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Try this: Post a quality article to your site and IMMEDIATELY go to your webmaster tools account and "fetch as Google" and then submit it to Google search. Next immediately go to Google, make sure you are logged out, and search for the exact match title. Your page will be in the results within moments. (DO NOT perform a search before you submit the article! If you do you're going to get a cached version of your search for up to an hour afterwards)

When your page is shown in results after doing this it hasn't been fully evaluated yet and hasn't had time to "settle" and one of several things will happen. If, for the exact match title, it ranks within the top 10 the article should settle somewhere in the top 20 based on what it deserves after evaluation. An instant top 10 is indicative that the page is approved for that title.

If, on the other hand, you find the article ranked in the 50-100 range, or the 500 range, that article is highly unlikely to move into the top 10 when it settles. The article is instantly not seen as worthy for that title. There are exceptions to the above but they don't happen often. There are no guarantees but checking your pages like this works as a barometer of sorts, just don't go changing titles or text immediately after submitting the article or it will get knocked down in rank quickly, it's what Google does to articles that seem to change for SEO reasons.

You get 500 such submissions per month, seeing what Google instantly feels before finding any incoming links or having any traffic or social metrics is fun. It also reveals which site(s) up top of serps are untouchable for any given title. Also, I fully expect Google to be deceptive with this and to rank some pages well that don't deserve it or to rank some pages poorly that deserve better and to give both an adjustment period where they EVENTUALLY end up where they belong... but only by a few spots, not by 50-500 spots.

Tip: If your article is informational but all the top results for a title are shopping related you can remove that article until you change it sufficiently. Why? Because Google is compartmentalizing results and informational pages rarely return for shopping terms, they languish at a low rank with big brands up top. The reverse is true, big brands struggle to rank for informational requests more often than not. There are many such "compartmentalized mini groups" but the informational vs shopping is perhaps one of the biggest dividers.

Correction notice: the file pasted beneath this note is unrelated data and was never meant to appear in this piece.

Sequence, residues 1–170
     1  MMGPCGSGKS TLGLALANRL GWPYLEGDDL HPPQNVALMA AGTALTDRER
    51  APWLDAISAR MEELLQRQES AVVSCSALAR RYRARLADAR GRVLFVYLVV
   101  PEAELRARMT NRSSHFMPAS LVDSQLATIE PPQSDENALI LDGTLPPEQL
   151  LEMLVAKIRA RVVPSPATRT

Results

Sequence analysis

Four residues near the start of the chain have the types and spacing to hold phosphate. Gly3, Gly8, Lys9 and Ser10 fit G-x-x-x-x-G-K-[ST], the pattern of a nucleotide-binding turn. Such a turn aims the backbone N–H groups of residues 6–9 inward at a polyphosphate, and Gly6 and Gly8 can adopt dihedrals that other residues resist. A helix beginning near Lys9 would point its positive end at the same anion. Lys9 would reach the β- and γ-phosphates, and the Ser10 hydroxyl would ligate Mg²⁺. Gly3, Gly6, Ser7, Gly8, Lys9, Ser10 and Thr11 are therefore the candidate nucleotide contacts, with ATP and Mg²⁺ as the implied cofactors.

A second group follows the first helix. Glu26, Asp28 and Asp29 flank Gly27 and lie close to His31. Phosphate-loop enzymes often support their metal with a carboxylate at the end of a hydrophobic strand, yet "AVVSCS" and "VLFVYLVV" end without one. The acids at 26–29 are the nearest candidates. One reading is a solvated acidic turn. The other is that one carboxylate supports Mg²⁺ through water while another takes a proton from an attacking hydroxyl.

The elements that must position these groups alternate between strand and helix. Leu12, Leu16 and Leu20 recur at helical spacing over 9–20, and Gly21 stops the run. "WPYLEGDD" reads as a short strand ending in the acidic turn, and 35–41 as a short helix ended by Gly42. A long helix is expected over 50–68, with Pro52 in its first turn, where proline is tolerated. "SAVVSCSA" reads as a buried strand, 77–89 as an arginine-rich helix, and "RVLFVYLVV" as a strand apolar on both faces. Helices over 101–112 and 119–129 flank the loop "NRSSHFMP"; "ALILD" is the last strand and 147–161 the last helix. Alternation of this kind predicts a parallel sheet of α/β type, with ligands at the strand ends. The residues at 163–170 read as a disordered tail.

Important: Quality pages rank for a wide range of keywords, the more comprehensive the article the better the exposure it is likely to receive. The above only seems to work for exact match titles, not individual keyword searches, and given what I just said I don't recommend you look up specific keywords and then change things just for that keyword or keyword phrase... you've got to take a whole page approach in 2016.

The above should tell you pretty quickly if Google doesn't trust your domain. I'm a firm believer that what other people put on their domains should not be any concern of yours, especially if it's taking up your resources/time to track them down when you could otherwise be improving your site. Hopefully with RankBrain and machine learning now being active on all searches we're going to see Google's reliance on backlink metrics expire.
2:33 am on Mar 15, 2016 (gmt 0)

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Short version: RankBrain is going to eat Penguins and Pandas soon, once it incorporates what they do into it's own algorithm and becomes RankBorg.
7:01 am on Mar 15, 2016 (gmt 0)

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That's ... well .... rank! :)

Yet again the google webmaster will jump through hoops. (sigh)